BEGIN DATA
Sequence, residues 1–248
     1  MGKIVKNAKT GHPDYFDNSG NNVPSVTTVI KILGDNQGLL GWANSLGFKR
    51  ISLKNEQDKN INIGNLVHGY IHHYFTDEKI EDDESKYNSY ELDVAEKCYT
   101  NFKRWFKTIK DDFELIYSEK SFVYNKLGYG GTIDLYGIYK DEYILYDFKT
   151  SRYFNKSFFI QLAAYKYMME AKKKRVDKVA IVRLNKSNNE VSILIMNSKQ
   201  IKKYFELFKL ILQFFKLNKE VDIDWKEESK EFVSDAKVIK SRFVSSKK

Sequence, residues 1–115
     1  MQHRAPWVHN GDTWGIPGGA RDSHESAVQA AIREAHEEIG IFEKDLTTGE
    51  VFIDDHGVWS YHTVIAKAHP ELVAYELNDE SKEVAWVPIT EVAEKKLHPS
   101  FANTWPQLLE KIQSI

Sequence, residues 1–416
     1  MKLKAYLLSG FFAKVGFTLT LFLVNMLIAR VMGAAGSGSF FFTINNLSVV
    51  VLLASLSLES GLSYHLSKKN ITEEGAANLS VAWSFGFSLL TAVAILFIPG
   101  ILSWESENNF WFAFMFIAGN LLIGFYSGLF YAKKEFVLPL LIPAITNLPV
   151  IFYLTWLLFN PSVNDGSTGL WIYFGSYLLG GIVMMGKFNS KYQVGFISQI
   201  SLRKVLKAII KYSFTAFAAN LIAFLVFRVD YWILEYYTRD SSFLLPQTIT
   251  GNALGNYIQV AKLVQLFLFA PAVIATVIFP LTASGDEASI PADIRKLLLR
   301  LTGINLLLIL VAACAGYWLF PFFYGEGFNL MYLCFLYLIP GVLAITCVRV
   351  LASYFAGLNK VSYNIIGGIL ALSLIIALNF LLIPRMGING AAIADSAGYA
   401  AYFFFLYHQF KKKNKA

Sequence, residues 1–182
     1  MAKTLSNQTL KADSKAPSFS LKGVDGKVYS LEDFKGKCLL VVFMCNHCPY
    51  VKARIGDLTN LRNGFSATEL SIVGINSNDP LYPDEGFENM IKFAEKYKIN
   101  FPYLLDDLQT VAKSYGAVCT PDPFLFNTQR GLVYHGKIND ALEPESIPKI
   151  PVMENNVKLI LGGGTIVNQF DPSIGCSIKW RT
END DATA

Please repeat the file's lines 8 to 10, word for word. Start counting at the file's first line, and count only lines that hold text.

     1  MQHRAPWVHN GDTWGIPGGA RDSHESAVQA AIREAHEEIG IFEKDLTTGE
    51  VFIDDHGVWS YHTVIAKAHP ELVAYELNDE SKEVAWVPIT EVAEKKLHPS
   101  FANTWPQLLE KIQSI